It was a dark and foreboding land of windswept mountains and badlands.
- Plateau of Thay • First Escarpment • Second Escarpment
- Thaymount • Sunrise Mountains
- Wizards' Reach • Alamber Sea
- Lake Thaylambar
- River Lapendrar • River Thay • River of the Dawn • River Umber • River Thazarim
Prior to Szass Tam's elevation to supreme ruler of Thay, the land was ruled by a council of eight powerful mages known as Zulkirs, each of whom specialized in a different school of magic. During the chaos of the Spellplague, Szass Tam named himself regent and eventually became the one true power in Thay. The zulkirs thereafter served as Szass Tam's vassals.
The tharchs were the eleven regions of Thay, each ruled by a separate tharchion.
- Alaor: ruled by Tharchion Thessaloni Canos
- Delhumide: ruled by Tharchion Invarri Metron
- Eltabbar: ruled by Tharchion Dmitra Flass, also made Zulkir of Illusion sometime between 1375 DR and 1385 DR
- Gauros: ruled by Tharchion Azhir Kren
- Lapendrar: ruled by Tharchion Eseldra Yeth since the death of Hezass Nymar in 1385 DR.
- Priador: this tharchion position was vacant since Aznar Thrul was murdered in 1375 DR
- Pyarados: ruled by Tharchion Nymia Focar
- Surthay: ruled by Tharchion Homen Odesseiron
- Thaymount: ruled by Tharchion Pyras Autorian
- Thazalhar: this tharchion position was vacant since Milsantos Daramos died in 1382 DR of old age.
- Tyraturos: ruled by Tharchion Dimon, also a priest of Bane
The nation relied heavily on slavery, a practice heavily frowned upon by nations throughout northern and northwestern Faerûn. In Thay itself, the zulkirs and other prominent Red Wizards grew rich beyond imagination from this sinister trade. From their strongholds and estates, they used this wealth to constantly scheme and plot for mercantile and military domination of neighboring nations.
Slavery was a common branch of trade in Thay. Slave markets were restocked with war prisoners, conquered Rashemi, or people who were sold into slavery. While folk of Mulan descent removed all body hair (at least on the head) and Rashemi freemen at least clipped their hair short, slaves were not allowed to cut their hair at all. They could be easily distinguished by the heavy and filthy mass of hair they wore.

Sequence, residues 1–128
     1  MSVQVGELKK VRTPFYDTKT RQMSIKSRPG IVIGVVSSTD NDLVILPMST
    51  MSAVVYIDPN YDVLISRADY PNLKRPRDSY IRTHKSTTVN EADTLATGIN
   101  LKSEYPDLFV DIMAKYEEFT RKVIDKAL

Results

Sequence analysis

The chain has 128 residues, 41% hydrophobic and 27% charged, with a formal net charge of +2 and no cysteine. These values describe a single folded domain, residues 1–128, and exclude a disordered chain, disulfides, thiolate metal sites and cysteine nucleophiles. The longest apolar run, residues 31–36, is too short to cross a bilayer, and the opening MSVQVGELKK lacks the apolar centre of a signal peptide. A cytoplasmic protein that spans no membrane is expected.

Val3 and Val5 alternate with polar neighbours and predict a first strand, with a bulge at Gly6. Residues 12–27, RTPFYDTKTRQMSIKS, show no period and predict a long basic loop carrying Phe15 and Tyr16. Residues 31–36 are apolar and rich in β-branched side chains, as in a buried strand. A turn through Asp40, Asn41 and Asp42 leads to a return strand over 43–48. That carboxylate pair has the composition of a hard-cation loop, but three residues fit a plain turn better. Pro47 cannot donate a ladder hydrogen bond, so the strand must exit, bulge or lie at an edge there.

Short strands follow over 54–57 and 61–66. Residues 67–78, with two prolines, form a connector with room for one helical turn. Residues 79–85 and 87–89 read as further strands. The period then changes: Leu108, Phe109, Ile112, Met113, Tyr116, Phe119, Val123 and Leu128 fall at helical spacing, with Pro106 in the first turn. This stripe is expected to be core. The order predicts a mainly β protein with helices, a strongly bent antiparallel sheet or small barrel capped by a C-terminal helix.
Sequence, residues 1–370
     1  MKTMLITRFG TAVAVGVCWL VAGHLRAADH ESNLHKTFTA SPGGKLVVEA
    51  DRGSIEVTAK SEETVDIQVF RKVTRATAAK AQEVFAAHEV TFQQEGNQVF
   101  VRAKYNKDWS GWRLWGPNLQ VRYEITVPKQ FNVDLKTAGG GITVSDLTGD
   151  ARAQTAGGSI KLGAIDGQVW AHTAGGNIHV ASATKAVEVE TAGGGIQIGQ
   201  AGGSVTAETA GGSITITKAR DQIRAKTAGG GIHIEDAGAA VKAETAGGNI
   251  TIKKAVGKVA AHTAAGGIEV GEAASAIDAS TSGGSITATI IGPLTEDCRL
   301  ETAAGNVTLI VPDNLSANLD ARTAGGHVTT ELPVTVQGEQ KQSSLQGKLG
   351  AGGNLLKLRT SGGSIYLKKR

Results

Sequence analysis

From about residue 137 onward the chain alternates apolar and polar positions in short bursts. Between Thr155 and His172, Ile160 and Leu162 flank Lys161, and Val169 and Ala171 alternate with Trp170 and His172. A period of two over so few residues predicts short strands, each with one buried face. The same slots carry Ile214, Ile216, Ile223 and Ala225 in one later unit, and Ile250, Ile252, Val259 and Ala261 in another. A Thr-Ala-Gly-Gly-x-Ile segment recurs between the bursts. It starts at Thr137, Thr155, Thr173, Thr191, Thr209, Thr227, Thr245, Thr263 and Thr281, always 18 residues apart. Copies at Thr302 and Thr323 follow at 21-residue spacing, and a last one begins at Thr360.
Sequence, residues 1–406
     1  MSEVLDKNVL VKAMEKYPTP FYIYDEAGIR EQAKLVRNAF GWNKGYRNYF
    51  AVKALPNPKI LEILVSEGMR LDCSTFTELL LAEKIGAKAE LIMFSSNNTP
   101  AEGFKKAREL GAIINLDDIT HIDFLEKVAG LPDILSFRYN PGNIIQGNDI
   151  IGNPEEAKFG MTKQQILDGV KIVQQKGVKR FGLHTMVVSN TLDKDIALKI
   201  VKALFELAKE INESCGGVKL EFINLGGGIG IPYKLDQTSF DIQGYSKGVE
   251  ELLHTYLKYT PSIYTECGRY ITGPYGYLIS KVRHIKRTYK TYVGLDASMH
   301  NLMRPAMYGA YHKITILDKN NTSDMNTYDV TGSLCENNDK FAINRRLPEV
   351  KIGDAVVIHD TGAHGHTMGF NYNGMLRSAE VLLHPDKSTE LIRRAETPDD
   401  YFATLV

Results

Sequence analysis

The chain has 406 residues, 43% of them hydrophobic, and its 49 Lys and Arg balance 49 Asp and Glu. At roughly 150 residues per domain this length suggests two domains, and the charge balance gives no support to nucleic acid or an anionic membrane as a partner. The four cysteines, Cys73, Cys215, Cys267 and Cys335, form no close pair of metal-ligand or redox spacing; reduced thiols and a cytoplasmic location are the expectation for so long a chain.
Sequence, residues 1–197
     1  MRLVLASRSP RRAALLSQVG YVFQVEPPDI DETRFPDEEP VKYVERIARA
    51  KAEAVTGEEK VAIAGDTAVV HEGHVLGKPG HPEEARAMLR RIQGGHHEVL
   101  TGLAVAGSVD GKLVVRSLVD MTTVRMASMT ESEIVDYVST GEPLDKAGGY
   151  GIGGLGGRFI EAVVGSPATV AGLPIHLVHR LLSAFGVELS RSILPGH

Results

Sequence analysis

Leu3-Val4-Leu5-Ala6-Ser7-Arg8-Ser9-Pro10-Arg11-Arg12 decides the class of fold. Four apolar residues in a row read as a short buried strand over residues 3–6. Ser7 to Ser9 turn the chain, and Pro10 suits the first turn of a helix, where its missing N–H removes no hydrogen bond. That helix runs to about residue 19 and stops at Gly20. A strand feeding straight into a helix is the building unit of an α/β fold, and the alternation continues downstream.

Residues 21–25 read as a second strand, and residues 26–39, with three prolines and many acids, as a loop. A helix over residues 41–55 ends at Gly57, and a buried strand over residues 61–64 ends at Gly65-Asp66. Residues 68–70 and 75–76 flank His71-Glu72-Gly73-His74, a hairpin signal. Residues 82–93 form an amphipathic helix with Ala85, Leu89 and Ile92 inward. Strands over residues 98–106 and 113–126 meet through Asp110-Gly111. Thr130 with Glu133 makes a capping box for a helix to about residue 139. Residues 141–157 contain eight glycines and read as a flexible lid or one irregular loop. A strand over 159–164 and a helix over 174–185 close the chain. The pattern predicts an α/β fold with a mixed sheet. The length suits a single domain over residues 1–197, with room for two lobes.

Slaves were used in warfare, where they were given sandal-boots, spears, headscarves, loincloths, and—if they were lucky—a baldric hung with waterskins. 
The soldiers of Thay wore armor of mirror-bright silver to give off blinding reflections (but also had white cloth slipcovers to prevent heating and betraying location.)
The nation of Thay came about when a sect, calling itself the Red Wizards, declared its freedom from the god kings of Mulhorand. The sect's center of strength was in the northern provinces where the natives did not have the inbred reverence for the god-kings. After razing the city of Delhumide they declared themselves the free nation of Thay in 922 DR. Since then, Mulhorand has defended itself, quite successfully, against two invasions from Thay.
The armies of Thay marched on Aglarond and Rashemen many times and folk feared that the time would soon come when the zulkirs mobilized again. On the other hand, few invasions ever overcame the great mountains girding the Plateau of Thay, and the secretive and suspicious Red Wizards raised barriers just as formidable to discourage travelers from venturing into their lands.
In 1375 DR, Szass Tam set in motion a series of events such as the murder of the zulkirs of transmutation, Druxus Rhym, and evocation, Aznar Thrul; crafting an undead army with the atropal Xingax from the bodies of slaves and prisoners of war; and portraying a failed unauthorized Thayan invasion on a Rashemi town by the Tharchions Azhir Kren and Homen Odesseiron as a Rashemi invasion onto Thayan soil stopped by the great casualties of Thayan soldiers and his "timely" rescue of the invading force. All of these actions created a climate of fear within the nation of the Red Wizards and endeared him to the people as a savior who could end the country's woes.